What is a Gatekeeper?

Get past the gatekeeper to make your sale

On The Phone
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A gatekeeper in business is much the same as the image the term brings to mind: someone standing at an entry to prevent unwanted traffic from coming through. It's the person responsible for keeping a decision-maker from being bothered by what she considers to be irrelevant and bothersome visitors and callers. Gatekeepers and salespeople are often at odds, with two quite different goals in mind. 

The Role of a Gatekeeper

A company's gatekeeper is typically the receptionist or maybe a secretary in many businesses, but in a restaurant, it may be the maître d' and some types of businesses, such as auto dealerships, have a whole squad of gatekeepers – countless salespeople on the floor at any given time.

In all cases, the decision-maker, manager or head chef is busy with the challenge of keeping the business up and running and profitable. He can't take every call and he can't see every visitor because this would take him away from his primary focus and job responsibility. 

Enter the gatekeeper. She shields the guy in charge. She screens calls and visitors, typically deflecting ones that she believes are unimportant – and a good gatekeeper can detect an unimportant interruption in a heartbeat. It usually comes from someone who does not have a complaint, is not calling to purchase goods or services, but who wants something for himself, like to make a sale.  

You need a way to finesse your way past the gatekeeper to get through to the decision-maker, and you more or less have just one option: You must convince the gatekeeper that it will benefit the decision-maker if he speaks with you.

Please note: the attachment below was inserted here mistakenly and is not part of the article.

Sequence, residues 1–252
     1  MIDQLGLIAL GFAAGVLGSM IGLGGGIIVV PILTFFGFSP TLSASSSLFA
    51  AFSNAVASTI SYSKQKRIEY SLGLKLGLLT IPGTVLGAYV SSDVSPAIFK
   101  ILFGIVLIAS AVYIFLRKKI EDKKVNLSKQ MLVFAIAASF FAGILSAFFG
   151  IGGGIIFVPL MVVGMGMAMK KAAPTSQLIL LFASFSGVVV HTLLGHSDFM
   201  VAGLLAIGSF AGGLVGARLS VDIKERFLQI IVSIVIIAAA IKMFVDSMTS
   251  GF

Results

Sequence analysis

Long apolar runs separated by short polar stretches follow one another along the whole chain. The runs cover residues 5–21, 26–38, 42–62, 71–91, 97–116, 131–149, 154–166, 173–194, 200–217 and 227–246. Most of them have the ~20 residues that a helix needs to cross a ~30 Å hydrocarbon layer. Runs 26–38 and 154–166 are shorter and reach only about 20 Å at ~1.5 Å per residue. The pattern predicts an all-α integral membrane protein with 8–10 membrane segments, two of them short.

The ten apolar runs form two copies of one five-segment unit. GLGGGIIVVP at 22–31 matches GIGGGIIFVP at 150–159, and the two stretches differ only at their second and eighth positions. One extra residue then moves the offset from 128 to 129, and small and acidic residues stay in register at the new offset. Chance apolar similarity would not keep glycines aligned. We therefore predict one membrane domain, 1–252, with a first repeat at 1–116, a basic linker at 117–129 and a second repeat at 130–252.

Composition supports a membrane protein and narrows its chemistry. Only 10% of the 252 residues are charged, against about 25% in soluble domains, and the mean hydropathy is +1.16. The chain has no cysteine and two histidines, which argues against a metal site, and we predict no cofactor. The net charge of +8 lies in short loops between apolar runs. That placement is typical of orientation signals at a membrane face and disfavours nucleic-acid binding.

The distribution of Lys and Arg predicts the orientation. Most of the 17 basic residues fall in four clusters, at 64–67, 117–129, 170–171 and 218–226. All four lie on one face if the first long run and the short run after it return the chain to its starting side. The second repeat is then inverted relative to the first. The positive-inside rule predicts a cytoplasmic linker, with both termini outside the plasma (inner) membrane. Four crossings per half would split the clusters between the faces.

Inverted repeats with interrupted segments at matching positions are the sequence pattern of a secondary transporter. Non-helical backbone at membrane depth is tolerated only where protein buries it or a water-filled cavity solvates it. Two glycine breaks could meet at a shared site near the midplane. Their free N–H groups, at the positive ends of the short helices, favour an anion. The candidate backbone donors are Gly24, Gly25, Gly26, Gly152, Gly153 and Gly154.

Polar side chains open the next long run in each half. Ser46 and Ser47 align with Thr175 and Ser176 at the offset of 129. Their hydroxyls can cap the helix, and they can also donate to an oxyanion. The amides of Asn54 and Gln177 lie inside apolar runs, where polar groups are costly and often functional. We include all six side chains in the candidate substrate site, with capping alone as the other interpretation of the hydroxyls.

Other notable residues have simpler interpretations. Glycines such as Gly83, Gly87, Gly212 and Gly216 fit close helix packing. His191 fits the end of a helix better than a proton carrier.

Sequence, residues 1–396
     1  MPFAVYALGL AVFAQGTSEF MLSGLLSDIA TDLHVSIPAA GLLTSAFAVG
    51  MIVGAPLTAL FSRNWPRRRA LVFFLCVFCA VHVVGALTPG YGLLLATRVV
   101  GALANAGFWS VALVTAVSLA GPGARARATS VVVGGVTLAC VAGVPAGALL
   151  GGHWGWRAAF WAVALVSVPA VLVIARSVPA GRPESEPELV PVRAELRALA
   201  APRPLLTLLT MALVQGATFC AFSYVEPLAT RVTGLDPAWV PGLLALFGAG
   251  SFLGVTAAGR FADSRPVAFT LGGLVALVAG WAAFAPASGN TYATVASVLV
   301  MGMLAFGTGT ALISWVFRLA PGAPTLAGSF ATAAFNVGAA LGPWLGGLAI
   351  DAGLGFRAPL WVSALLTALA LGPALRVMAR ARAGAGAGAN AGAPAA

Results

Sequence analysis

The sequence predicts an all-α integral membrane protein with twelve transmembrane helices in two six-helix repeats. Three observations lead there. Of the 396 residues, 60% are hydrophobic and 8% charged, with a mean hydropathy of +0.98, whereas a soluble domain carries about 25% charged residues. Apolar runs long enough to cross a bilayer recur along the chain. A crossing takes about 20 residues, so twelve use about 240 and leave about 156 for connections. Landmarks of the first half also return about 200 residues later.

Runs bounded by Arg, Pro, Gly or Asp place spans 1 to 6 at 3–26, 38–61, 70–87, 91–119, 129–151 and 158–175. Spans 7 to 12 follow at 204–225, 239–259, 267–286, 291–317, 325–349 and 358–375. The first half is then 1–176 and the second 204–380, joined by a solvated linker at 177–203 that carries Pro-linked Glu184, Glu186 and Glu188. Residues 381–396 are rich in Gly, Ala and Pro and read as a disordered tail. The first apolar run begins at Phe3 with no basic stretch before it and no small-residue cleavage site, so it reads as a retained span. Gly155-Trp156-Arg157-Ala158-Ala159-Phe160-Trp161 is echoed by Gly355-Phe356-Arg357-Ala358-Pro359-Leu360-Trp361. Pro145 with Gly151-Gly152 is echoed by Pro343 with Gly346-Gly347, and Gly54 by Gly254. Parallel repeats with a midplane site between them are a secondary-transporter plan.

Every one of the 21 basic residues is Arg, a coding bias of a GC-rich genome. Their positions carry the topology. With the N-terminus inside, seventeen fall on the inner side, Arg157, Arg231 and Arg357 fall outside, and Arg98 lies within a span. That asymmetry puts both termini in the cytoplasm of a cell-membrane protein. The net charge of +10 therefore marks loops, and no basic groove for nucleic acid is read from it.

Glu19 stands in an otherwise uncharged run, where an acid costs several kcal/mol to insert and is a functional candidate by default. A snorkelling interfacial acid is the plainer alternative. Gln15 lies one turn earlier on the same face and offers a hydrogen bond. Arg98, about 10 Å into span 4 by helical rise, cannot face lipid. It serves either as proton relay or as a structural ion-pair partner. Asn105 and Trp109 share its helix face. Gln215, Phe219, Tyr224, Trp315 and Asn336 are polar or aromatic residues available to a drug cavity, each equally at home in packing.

Gatekeepers and Outside Salespeople 

Many gatekeepers develop a level of hostility toward outside salespeople.

This is understandable when you consider that salespeople frequently resort to trickery or outright lying to get past gatekeepers and to reach the decision-maker. Many probably think you're interfering with their timely performance of their own jobs as well.

Put yourself in that auto salesman's shoes: If he's busy telling you no, you can't speak with the dealership's manager right now, that's time spent on you that he could have been using to make cold calls or approach that prospective customer out in the parking lot and he'll naturally resent you.

It's vital to treat the gatekeeper with respect and integrity when you find yourself speaking with him. Hopefully, you'll gain his cooperation, and this can make your sale far easier to close. The alternative is to antagonize him to the point that you'll have no chance of ever speaking to the decision-maker or, at least, you won't until someone else mans the gate. 

Breaching the Gatekeeper 

B2B gatekeepers like receptionists and secretaries are typically responsible for taking all general phone calls for the office and setting appointments. They're rarely involved in the decision-making process, so your best tactic may be to use the system to your advantage. Don't try to get past her. Let her do her job. Set an appointment to see the decision-maker. Tell her you're more than glad to wait until a time when he's not so busy. 

Executive assistants often become involved in the buying process, at least on an advisory level, so you might want to take a different approach with this gatekeeper. Sell her, then give her some time to sell her boss. Explain what you're offering then tell her that you'll touch base again with her in a week or so. It's best to treat these gatekeepers as extensions of the decision-maker himself.

B2C salespeople also have to deal with gatekeepers, although the gatekeeper function is less formal. For example, a parent might act as a gatekeeper for his child, or a wife might do it for her husband. B2C gatekeepers generally turn out to have a say in the purchase, so it's extremely important to be respectful toward them. As with the executive assistant, you might want to devote some time to selling them as well